Raising a big round like you are imagining actually takes more time and energy than what I’m proposing, not less. And worse, you end up pricing the round or putting a cap on the note based on a leap of faith, or an emotional high, which introduces the risk of down-rounds later. Terms are set the way they are set because of power dynamics, not business merit.
Too often we look at raising one, two, or three seed rounds as a sign that a company couldn’t raise a Series A. We need to start looking at the Series A as the construct it is, calibrated to how we used to build software a decade ago. What if funding was as agile as our operations? Why is venture funding still using a waterfall model of development and deployment?
To be clear, I’m not anti-Series A. What I’m against is the idea that venture rounds are these monolithic events that happen every two years or so.
Yes, raising money in the way I’m describing makes the entrepreneur more accountable, but that’s a good thing. You should be valued according to what you have done as well as what you are going to do. This new, more agile way makes VCs more accountable, too. The whole system grows more taut.
The touch zero operating model
There’s also a personal side to choosing a funding model that we don’t often discuss.
If you’ve built a rocketship and you’re confident you’ve made all the right calculations to get to the moon, grab ahold and don’t let go! Still, you will probably crash eventually, and traditional venture capitalists will tell you that it is okay.
They will tell you that by “failing fast” you will get more “at bats” starting more companies and increasing your chances of eventually finding your rocketship.
While this math is true for VCs, it has real dissonance for most entrepreneurs. Most entrepreneurs put their entire life into their company, sacrificing money, health, family, friends — and then when they fail, they walk away smarter with battle scars, but they’re also burnt out, broke, and questioning everything. All this happens while their VC has a dozen more companies just like them in their portfolio, needing just one to reach the moon.
There are other ways to build a very large company.
One way is to treat each round of funding as if it’s your last and operate in a manner where you will get to profitability before you run out of money. The companies I’ve personally built have never had a “fume date.” A fume date is the date at which the bank account goes below $0 and you either go out of business or have to raise more money.
Instead we have a “touch zero date” — this is the basis of my whole operations strategy, and something I’ll blog a lot more about in the future.
A touch zero date is the date at which we reach $0 in the bank account and at that same exact moment reach profitability (meaning we don’t go out of business or need to raise more money). We are always in full control of our own destiny.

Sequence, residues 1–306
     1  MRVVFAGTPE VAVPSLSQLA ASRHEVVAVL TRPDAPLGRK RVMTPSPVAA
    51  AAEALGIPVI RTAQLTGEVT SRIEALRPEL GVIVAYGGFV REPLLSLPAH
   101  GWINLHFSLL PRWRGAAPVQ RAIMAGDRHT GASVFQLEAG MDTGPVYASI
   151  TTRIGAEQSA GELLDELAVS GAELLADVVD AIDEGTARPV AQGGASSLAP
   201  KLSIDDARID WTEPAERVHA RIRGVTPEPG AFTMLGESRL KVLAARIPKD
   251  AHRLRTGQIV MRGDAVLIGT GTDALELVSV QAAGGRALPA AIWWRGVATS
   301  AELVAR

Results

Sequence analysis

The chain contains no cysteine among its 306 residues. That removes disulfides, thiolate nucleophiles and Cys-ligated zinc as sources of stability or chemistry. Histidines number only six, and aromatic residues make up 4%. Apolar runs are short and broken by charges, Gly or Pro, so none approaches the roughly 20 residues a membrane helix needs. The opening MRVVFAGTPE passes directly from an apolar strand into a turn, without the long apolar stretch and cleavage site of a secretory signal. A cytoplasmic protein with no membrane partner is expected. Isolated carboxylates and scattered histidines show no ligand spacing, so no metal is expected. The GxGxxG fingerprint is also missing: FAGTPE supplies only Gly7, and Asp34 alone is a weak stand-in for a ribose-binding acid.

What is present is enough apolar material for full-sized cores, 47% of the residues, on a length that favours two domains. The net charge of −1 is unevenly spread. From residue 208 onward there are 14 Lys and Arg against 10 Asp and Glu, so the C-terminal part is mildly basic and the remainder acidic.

We use a “Touch Zero Operating Plan” to manage our business. At a high level, we measure everything and use data to model how we plan to scale our growth investments and revenue so that we touch $0 and reach profitability at the same time.
Why do we want to “touch $0”? Why should it be a goal to run out of money and reach profitability at the same time?
If we operate on a plan that has more of a cash buffer, we’d be effectively sitting on cash and growing slower than we otherwise could. And if we operate on a plan that has us dipping below $0, we die. It’s as simple as that. We tune this model weekly as we try new things and get more data.
If things go well, we may raise more money and reset the plan, pushing back the touch $0 date, as we did this week. If things don’t go as planned or we grow slower than expected, we’ll conserve cash and make sure we reach profitability while we fix things.
While fundraising, I did not feel aligned with most VCs when I told them about my Touch Zero plan. In fact, most emphatically said they would not want me to run the company this way if they were to invest.
They wanted me to invest more money at a faster pace and aim for certain milestones that, if reached, in theory would earn us the opportunity to raise another round of funding, and then we’d repeat that cycle over and over again. This looked to me an awful lot like a treadmill.
As an investor myself, I’ve seen too many startups not reach those milestones and get themselves into a tight financial situation where they have to raise cash on terrible terms in order to survive.
When this happens, VCs end up owning way more of the company than the founders ever expected. Most VCs aren’t taking unfair advantage of the situation (although some do), they are just doing their job. Founders have to understand the risks (although most don’t) if they choose to get on the VC treadmill.
I’m going to keep writing about alternative ways to build a very large company and power it responsibly with external investment. I hope you’ll help me by sending ideas and giving me lots of tough-love feedback. Please do.
To those reading, I encourage you to figure out what type of company you want to build and do it your way. You don’t have to play by someone else’s rules. Entrepreneurs get to write and rewrite the rules. That’s our job and our responsibility.
We rewrote how to build software, and we rewrote how to grow companies. We can rewrite the rules of financing too.
I predict we’ll see new investing models over the next few years in full acknowledgement that company stage and phase no longer align with the fundraising round idioms we’re accustomed too.
Bill Boebel is CEO of Pingboard.